First let me say I’m not against bribing. Well, I am, actually, but not for the reasons you may think. I’m against bribing because in my very scientific self-studies, it doesn’t work.
I’ve tried it on family picture day. “If you give big smiles, then you can have this lollipop!” Flash forward five minutes and all the kids are doing is crying about the lollipop they want but is not yet in their grasp.
I’ve also tried it at the doctor’s office. “Be quiet for five minutes, and I’ll let you watch a show when we get home.” All that followed that was a whiny fit over how long five minutes was and a squabble about which show would be picked.
Not worth it. Bribing children does not work.
But we’re not at a total loss because there are things that do work. I can attest to them, as they are the strategies I use at home and have had a much better success rate than my lame attempts at bribery.
So if you are stuck in the frustration where bribes don’t work, join me in implementing these simple solutions that will provide the results you’re after without the headache of fishing a lollipop out of your purse.
10 Secrets to Getting Your Child to Listen
- Don’t start speaking to your child until you have her attention. I really hate repeating myself, so I’ve learned if I wait until she’s looking at me and focused, then I can be certain she heard me and I don’t need to say it again.
- Consequences for not listening should be related and immediate. What if you know your kid hears you but he still doesn’t listen? That usually means that related and immediate consequences aren’t being enforced. Here’s how to make consequences effective.
- Use fewer words. As parents, sometimes we give too much information and the child gets lost in our loquacious ways. Be kind, but direct, so the directions don’t get lost in translation. “Go put your shoes on now.”
- Acknowledge their point of view. I don’t know about you but I do not like getting interrupted if I’m the middle of something I deem important. In your child’s world, building a tower or reading a book is their important stuff. So it’s great to wait until a natural break in those activities, but if time is of the essence, then a simple acknowledgment can go a long way. “I know you are focused on that amazing block tower right now and I hate to pull you away, but I need you to…”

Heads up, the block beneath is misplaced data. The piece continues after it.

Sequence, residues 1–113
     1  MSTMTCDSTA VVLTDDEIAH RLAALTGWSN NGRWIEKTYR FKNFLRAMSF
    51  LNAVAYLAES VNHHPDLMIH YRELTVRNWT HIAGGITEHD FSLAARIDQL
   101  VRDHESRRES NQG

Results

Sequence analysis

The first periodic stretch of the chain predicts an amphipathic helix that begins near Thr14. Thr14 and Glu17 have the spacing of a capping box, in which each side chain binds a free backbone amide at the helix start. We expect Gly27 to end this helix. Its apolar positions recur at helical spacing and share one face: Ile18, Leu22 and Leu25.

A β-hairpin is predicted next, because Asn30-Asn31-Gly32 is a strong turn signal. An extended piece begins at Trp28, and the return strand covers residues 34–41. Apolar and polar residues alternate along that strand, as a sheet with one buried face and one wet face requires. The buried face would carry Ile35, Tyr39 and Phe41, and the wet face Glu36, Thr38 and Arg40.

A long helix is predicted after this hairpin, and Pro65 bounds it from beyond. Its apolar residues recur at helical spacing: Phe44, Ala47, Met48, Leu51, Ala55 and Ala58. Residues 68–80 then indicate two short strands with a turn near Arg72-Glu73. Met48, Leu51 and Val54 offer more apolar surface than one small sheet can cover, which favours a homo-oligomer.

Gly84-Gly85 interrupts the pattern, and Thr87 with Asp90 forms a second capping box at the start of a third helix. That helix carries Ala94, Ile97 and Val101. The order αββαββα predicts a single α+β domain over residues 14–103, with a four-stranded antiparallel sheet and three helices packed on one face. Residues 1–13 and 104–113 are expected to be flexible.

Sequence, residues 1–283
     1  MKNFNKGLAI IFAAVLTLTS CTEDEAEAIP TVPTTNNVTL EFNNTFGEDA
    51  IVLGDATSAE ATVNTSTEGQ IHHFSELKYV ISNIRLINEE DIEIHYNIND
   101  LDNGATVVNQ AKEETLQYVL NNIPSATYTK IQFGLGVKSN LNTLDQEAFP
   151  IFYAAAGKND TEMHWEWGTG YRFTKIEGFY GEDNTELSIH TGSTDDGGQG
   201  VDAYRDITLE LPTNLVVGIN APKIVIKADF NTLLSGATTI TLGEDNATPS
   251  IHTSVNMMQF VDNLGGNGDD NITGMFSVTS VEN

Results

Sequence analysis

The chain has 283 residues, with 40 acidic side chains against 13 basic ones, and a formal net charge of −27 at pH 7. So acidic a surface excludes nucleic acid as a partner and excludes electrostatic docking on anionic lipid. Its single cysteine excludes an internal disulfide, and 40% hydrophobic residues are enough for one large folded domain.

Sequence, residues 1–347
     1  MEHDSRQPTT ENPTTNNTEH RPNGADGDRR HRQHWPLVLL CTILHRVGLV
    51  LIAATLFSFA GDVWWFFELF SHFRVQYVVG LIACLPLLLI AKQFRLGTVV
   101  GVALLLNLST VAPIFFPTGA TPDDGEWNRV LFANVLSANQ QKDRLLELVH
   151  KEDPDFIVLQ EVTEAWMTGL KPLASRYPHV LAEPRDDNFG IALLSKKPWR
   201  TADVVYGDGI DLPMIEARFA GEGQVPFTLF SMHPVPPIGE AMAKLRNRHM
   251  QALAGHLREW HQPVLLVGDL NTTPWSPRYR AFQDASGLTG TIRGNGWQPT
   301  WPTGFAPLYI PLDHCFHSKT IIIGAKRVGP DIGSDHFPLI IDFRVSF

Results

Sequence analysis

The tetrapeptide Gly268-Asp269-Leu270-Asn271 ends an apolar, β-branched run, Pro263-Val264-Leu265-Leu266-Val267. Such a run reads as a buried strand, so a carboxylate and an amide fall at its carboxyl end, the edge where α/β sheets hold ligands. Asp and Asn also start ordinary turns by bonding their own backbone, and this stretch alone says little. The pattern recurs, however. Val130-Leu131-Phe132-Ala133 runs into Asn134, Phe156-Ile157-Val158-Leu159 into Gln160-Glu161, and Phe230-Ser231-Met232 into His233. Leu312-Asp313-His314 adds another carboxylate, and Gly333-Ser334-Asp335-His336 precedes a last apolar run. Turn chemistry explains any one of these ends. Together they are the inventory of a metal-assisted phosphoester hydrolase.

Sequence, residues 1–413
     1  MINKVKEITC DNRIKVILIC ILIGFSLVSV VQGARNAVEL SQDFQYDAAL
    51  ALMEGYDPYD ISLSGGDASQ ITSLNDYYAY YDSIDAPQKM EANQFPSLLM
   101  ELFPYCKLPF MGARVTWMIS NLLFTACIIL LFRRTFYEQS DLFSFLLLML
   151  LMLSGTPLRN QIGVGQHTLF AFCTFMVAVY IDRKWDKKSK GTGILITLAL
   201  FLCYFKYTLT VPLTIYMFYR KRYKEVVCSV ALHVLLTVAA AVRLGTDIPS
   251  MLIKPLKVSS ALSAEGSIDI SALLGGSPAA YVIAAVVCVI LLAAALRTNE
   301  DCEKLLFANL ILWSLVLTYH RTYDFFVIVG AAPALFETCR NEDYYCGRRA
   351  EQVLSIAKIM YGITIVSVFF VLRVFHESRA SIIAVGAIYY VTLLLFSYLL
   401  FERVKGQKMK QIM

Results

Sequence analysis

- Stay calm. To quote Brene Brown yet again, calm is a super power. Raising our voices really doesn’t do much good. Read more on how to be a calm parent here.
- Set a good example. If you are distracted or staring at your phone when your child speaks to you, she will most likely follow your example. This is a struggle point for me, so I really put effort into remembering to set down my phone, get on her level, and looking her in the eye when she has something to tell me.
- Choose your battles, or rather, requests. Only demand their attention when there is something you really need them to do, otherwise it becomes a bit like the boy who cried wolf. If you are telling them orders all day long, it waters down the times you really need them to pay attention.
- Give more explanation. I know this kind of contradicts number three, but sometimes giving a brief explanation gives a child some context as to why a certain behavior is necessary. “Be quiet, I am on the phone and I need Nana to be able to hear me.”
- Give one instruction at a time. At ages 7 and 4 1/2, I can now give up to three instructions at once if they are short and simple (go inside, take off your shoes, wash your hands). Still, for the most assurance that what I’m asking will actually be done, I try to stick to one, especially with Kaitlyn. This way the task doesn’t get lost among the weeds of unnecessary instruction.
- Ask you child to repeat you. This one has been a golden tip in our household! It’s truly the only way I can know for sure if what I said sunk in.
Don’t forget to consider their age, too. Young toddlers are notorious for shiny object syndrome, but sticking with basic expectations and formats for delivering instruction will help them learn to listen a little bit better each year.
What are your best tips and tricks for getting you child to listen?